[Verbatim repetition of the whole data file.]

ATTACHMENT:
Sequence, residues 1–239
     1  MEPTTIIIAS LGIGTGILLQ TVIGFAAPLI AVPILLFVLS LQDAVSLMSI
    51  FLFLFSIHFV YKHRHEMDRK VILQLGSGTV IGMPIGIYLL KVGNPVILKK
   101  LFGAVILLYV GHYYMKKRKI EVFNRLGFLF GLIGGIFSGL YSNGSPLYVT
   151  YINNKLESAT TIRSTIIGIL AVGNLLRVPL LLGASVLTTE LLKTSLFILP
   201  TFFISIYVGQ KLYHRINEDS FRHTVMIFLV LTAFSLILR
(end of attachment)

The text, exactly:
Sequence, residues 1–239
     1  MEPTTIIIAS LGIGTGILLQ TVIGFAAPLI AVPILLFVLS LQDAVSLMSI
    51  FLFLFSIHFV YKHRHEMDRK VILQLGSGTV IGMPIGIYLL KVGNPVILKK
   101  LFGAVILLYV GHYYMKKRKI EVFNRLGFLF GLIGGIFSGL YSNGSPLYVT
   151  YINNKLESAT TIRSTIIGIL AVGNLLRVPL LLGASVLTTE LLKTSLFILP
   201  TFFISIYVGQ KLYHRINEDS FRHTVMIFLV LTAFSLILR